When he finished his business in Jerusalem, he left for Caesarea, and a whole mob of Jews followed him all the way to Caesarea incessantly bugging him for five days to remove the images from the standards. Pilate was so furious that he finally ordered them all to meet him in the amphitheater. He immediately had them surrounded with his soldiers. He then informed them all that if they didn't go back to Jerusalem and stop with the request, he would have them all killed on the spot. But they all just bared their necks and said, "Go ahead. Kill us all." Well, he was stuck. He had tried to scare them, but he was not the kind of a man who would begin his rule in the land by wiping out all of the citizens. He knew that wouldn't set real well with Rome. So he was stuck -- he couldn't massacre defenseless men. He was beaten. He gave in and removed the image from the standards. He started out his rule in Israel as a beaten man. They had him under their thumb from the very beginning.

b) The Second Incident

Now, to make things worse, on one occasion during the first years of his rule, Jerusalem needed more water and the supply was inadequate. Pilate was determined to build a new aqueduct, but he didn't have any money. So he robbed the Temple treasury, which didn't go over real big with the Jews. Evidently there were millions in the Temple treasury, so he found all that he needed. But the people rioted and surged through the streets. Pilate then infiltrated the people with plainclothed Roman soldiers, and at a given signal, the soldiers either clubbed or stabbed many people to death, and that broke up the riot.

c) The Third Incident

Later in Pilate's career, there was the same conflict over the idols. Pilate eventually made a temporary dwelling place in Herod's palace in Jerusalem. In the palace he hung shields on the walls with the name of Emperor Tiberius inscribed on them. The Jews complained and asked Pilate to remove them, but he refused.

Now, all over the world, Rome had built into the system the Pax Romana -- the right of any subject people to appeal their case to the emperor. When Pilate wouldn't go along with the Jews, they sent word to the emperor that Pilate wouldn't comply. As a result, Emperor Tiberius sent back word that Pilate was to take all of his shields down and comply with the Jews' request. Again, Pilate was a beaten man.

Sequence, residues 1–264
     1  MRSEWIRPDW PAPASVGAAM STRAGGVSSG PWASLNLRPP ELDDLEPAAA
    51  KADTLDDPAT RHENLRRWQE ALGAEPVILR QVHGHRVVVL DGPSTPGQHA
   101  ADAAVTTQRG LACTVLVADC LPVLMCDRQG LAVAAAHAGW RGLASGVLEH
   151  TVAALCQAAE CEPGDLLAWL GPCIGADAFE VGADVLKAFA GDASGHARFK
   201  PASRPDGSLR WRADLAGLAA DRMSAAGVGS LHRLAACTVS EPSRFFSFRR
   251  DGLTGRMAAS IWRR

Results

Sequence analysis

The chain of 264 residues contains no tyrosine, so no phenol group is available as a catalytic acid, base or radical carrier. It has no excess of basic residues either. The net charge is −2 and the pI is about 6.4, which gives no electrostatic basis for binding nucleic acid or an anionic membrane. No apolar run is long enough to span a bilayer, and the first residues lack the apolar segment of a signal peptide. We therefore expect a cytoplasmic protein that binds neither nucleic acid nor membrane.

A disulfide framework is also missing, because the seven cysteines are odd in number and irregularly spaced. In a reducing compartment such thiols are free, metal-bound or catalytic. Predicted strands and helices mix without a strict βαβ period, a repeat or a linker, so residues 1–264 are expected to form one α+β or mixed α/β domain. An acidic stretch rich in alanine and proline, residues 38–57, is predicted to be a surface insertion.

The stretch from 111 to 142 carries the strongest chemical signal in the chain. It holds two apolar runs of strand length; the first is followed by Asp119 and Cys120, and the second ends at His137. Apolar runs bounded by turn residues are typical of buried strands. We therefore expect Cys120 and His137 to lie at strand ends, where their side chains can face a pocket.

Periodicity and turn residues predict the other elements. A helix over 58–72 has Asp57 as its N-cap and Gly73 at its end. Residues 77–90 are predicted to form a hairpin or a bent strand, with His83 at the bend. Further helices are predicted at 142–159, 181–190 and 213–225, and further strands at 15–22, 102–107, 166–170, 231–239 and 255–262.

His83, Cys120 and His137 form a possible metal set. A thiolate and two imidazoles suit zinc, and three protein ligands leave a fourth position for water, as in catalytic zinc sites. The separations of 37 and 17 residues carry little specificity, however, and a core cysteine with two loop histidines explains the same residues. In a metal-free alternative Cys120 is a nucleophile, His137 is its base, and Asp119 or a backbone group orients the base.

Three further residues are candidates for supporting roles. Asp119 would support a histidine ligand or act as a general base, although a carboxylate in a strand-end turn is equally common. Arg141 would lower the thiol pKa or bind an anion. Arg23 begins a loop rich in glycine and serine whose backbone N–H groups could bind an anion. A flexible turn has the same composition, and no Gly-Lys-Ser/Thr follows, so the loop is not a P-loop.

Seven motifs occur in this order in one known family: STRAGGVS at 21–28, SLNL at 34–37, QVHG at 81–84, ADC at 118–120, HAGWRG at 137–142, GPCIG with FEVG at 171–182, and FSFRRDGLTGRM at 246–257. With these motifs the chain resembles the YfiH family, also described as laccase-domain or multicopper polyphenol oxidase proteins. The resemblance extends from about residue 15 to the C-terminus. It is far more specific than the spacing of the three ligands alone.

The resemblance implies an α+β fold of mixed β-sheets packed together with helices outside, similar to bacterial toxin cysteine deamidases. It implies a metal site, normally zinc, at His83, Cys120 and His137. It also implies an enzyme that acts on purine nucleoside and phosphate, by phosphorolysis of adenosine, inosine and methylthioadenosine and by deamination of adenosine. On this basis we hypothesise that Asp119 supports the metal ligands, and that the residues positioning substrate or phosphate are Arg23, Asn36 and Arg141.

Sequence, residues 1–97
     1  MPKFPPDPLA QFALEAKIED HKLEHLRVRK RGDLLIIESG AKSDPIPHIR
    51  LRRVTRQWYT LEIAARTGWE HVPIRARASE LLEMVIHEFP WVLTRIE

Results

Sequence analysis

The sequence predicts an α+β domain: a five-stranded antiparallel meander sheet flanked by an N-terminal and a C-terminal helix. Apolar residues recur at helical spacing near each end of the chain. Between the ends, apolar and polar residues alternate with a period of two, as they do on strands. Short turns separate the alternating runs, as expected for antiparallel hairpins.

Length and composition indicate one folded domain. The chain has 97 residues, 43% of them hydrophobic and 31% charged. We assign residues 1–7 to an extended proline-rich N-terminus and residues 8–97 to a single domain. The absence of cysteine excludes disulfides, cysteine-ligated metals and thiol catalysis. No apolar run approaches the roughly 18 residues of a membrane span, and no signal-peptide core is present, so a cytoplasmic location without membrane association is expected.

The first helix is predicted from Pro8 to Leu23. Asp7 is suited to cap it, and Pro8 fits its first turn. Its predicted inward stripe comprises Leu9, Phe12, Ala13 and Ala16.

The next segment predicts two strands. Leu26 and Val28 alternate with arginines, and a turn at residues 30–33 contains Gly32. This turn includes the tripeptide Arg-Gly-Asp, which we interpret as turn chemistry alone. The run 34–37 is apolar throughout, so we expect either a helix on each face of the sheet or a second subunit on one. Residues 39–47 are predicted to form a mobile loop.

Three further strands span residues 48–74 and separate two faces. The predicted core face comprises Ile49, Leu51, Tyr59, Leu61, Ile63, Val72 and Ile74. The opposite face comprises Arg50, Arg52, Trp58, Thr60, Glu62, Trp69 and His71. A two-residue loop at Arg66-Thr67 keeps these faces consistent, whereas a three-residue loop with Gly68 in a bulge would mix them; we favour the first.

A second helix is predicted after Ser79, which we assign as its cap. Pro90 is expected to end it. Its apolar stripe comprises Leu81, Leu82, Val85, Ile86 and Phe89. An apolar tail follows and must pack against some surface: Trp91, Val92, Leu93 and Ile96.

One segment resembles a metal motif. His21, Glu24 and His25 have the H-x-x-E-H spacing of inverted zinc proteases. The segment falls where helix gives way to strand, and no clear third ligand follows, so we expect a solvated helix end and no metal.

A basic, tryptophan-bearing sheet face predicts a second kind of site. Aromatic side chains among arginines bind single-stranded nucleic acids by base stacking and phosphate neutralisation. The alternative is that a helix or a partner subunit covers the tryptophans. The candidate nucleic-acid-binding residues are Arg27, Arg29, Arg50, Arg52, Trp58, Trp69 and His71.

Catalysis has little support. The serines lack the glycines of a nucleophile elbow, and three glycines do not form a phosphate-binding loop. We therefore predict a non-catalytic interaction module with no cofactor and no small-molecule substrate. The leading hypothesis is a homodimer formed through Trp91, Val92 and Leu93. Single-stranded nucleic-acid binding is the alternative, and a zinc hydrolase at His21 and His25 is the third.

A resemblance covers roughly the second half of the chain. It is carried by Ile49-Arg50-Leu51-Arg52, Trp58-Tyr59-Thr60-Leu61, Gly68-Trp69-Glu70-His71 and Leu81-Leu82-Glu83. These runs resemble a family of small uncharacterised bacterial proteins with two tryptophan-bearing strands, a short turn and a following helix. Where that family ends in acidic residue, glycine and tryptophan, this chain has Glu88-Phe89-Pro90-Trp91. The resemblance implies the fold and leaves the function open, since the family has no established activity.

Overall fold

The Jews had Pilate right where they wanted him. At any time they could report him to Rome and he would lose his job. He was walking on thin ice.

b. Blackmail in the Present

Now, when the Jews came to Pilate and presented him with their desire to have Jesus executed, they were blackmailing him. They were saying, in effect, "You better go along with us, or we'll tell Caesar." In John 19:12 they said, "And from then on Pilate sought to release Him; but the Jews cried out, saying, If thou let this man go, thou art not Caesar's friend...." In other words, "Do you want to keep your job?" They blackmailed him. And that was Pilate's problem. He had to decide whether it was more important for him to be just or to hold his job. So he slew his soul to keep his physical prestige.

That is not new in history, and not old. He wanted to do the right thing, but he wanted to keep his job. He loved his job more so he just decided to kill Jesus. Pilate was some man -- he stands for all time as the prototype of cowards.

2. His Confrontation

In verse 29 Pilate says, "...What accusation bring ye against this man?" Now, that is the first fair statement made in the trial of Jesus. At least someone wants to know what He has been accused of. Pilate says to the Jews, "Now, what's the accusation? If we are going to have a court here, what are we trying Him for?" Well, this blew a hole in their plan because they didn't want a Roman trial, they wanted an execution. All they wanted Pilate to do was to say, "Execute Him." They wanted to put the pressure on Pilate to kill Jesus, not to try Him, because they knew they didn't have one single accusation that would ever stand up in a Roman court. So Pilate says, "What crime has He done?" This fouled up their strategy and they didn't know what to do. They wanted Pilate to be an executioner, not a judge. They didn't want justice for Jesus, they wanted an execution. Eventually they thought of a very subtle reply.